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June 30, 2018 story: Marchers gather in Willmar in support of families staying together

Shelby Lindrud / Tribune More than 100 people took to the streets in downtown Willmar Saturday morning to march in support of the families being separated at the border and by the travel ban.

WILLMAR — More than 100 people, young and old, gathered at Fifth Street Southwest and Becker Avenue Southwest in Willmar Saturday morning to march in support of families being separated at the border or being kept apart by the travel ban upheld by the Supreme Court this week.

"This is not about open borders. This is about opening our hearts," David Moody, a march organizer said. "It is important we are all given a chance."

The "Welcoming to Who We Are, Faith Not Fear" march was organized by members of the Unitarian Universalist Church of Willmar and ISAIAH.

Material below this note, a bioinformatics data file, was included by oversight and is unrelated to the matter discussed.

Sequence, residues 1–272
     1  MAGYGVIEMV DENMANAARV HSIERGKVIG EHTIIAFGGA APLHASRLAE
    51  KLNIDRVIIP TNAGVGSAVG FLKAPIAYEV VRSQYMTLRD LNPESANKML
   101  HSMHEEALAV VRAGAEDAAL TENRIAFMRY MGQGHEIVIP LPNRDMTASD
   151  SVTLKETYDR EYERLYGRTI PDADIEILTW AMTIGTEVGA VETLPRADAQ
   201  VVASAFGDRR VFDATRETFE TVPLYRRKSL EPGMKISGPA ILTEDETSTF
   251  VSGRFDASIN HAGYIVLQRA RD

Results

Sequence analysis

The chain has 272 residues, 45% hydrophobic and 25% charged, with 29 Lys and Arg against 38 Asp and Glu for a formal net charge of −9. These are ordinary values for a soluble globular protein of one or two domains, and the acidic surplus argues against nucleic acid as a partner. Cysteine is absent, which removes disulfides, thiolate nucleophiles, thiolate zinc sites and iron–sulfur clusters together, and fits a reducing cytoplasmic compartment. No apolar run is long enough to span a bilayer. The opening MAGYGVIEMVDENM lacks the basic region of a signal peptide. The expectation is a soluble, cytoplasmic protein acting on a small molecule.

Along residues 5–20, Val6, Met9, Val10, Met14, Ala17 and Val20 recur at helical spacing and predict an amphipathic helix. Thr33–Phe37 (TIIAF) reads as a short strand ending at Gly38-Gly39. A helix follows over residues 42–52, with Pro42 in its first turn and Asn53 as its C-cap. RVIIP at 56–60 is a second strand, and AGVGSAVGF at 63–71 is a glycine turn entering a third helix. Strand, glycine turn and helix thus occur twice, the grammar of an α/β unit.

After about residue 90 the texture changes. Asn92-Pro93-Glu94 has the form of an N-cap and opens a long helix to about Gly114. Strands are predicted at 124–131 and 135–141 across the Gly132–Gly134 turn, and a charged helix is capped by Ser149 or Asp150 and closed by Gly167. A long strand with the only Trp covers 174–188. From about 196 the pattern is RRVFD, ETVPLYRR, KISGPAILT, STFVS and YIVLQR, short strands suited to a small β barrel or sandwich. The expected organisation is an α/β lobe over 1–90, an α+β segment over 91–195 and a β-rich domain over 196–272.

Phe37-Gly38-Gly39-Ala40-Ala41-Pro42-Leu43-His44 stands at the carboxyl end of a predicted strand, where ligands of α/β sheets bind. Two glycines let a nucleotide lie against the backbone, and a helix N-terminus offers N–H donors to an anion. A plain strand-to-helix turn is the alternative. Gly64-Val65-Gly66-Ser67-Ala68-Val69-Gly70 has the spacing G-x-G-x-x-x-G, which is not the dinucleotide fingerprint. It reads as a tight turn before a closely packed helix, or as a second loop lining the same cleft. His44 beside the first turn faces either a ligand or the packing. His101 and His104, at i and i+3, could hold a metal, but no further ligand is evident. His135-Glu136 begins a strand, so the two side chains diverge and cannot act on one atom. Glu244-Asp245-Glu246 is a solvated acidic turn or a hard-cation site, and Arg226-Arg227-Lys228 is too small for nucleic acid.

Hamdi Kosar, one of the march organizers, said people can't stay silent. They need to stand up for each other.

"We need to stay connected to our humanity. We need to cry, and cry together. Then get up and fight for our humanity," Kosar said.

The march was just one of dozens being held across the nation on Saturday. According to media reports there were more than 620 sister rallies planned in all 50 states.

"I am very inspired by this," said Jed Bendix. "Glad we have people who have a heart in this community and are willing to show it."

The marchers walked throughout downtown, holding signs and banging drums. Parents with young children in strollers or strapped to their chests took part.

"Everyone deserves to have a fighting chance in this country," Emily Field said.

Some of the youngest marchers got up to speak in support of families.

"I think families should not be separated from their parents. I think it is wrong," said Hailey Fadness, 9.

Those who marched said there were a few individuals in vehicles along the route who seemed to not agree with the march, but there was no organized counter-protest.

The march ended at the Chief Kandiyohi statue by the Kandiyohi County Courthouse, a fitting ending point for some, saying the Native Americans have been fighting this battle to feel welcome in this country for hundreds of years.

"We have to stand with our citizens and others coming over. We need immigrants. Without them our country doesn't get enriched," said Lynne Cason. "We need to show them compassion."